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Dueling reports Wednesday from the two leading PC survey firms — Gartner and IDC — confirm what the crowds at the Apple (AAPL) stores have been telling us: The Mac had a great second quarter.

According to Gartner, Mac sales grew 38% year-over-year to edge out Acer/Gateway/ PackardBell for the No. 3 spot in the United States after Dell (DELL) and HP (HPQ). IDC recorded slightly slower growth (31.7%) and has Apple still trailing Acer by 2,000 units — not a statistically significant figure in a quarter in which Apple shipped an estimated 2.37 million Macs worldwide.

Gartner puts Apple’s U.S. market share at 8.5%, up from 6.4% a year ago; IDC has it at 7.8%, up from 6.2%. Both reports are preliminary.

Apple still doesn’t make the top 5 in either company’s list of top PC vendors worldwide, although IDC’s Loren Loverde says it came in No. 6.

It’s worth noting that while its competitors were cutting prices to boost sales in a tight domestic economy, Apple managed to grow faster while maintaining profit margins that are the envy of the industry.

And if you count iPhones and iPod touches as computers, says 9to5 Mac’s Seth Weintraub, “you get a whole new ball game.”

Below the fold: the charts from both reports. Gartner charts courtesy of AppleInsider. (full story Link)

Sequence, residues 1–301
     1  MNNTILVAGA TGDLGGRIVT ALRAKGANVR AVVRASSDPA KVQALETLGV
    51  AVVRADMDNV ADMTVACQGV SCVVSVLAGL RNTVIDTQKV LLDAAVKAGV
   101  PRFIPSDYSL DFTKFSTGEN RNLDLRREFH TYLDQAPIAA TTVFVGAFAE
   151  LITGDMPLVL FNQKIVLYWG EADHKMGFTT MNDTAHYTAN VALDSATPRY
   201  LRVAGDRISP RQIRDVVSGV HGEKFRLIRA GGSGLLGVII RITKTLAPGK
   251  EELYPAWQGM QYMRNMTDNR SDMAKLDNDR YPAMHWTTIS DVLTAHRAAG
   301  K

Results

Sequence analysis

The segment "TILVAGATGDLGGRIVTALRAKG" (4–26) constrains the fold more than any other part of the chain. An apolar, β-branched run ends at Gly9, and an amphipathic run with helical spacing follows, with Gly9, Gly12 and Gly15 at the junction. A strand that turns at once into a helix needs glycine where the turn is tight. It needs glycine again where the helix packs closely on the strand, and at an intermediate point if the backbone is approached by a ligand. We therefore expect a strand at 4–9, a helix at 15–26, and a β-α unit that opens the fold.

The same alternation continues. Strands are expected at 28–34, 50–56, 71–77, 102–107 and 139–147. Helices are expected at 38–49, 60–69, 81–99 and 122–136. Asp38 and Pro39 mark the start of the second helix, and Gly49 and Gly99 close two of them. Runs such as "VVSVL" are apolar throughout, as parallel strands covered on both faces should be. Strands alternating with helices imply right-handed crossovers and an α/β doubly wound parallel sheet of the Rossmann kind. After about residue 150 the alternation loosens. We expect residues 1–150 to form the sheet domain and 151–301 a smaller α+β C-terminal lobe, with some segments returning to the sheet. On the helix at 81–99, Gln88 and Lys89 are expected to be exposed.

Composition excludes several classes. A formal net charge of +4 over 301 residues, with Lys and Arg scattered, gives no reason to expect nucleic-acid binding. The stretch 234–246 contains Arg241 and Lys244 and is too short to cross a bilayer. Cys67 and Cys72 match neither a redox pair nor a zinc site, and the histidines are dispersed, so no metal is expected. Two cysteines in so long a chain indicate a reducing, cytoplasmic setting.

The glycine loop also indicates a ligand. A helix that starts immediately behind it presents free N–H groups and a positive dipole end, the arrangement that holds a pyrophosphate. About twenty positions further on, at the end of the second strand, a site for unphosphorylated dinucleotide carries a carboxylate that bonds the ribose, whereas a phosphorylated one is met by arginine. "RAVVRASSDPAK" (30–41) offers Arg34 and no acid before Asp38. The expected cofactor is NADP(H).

Google is starting to look a lot like Microsoft  

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by Tom Sullivan (story Link)

Too bad Google picked up Team Redmond's bad behaviors -- the ones that negatively impact IT and the public at large. Take the recent agreement with Yahoo, for instance.

"The deal to let Google sell its ads on Yahoo's Web site, and share an estimated $800 million a year in revenue, is bad for business, bad for consumers, and bad for IT," Bill Snyder writes in Warning: Google is becoming Microsoft's evil twin. "It will raise Web advertising rates by more than 20 percent. It ought to be stopped."

Simply put, it will give Google/Yahoo a near monopoly on Internet advertising, Snyder asserts.

Apple shows off first China store  

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Apple allowed a sneak peek at its flagship store in Beijing on Thursday, along with a glimpse of its China strategy.

The two-level store store will open July 19 in Beijing's Sanlitun entertainment district at 10 a.m., Apple's first in China and its 219th worldwide.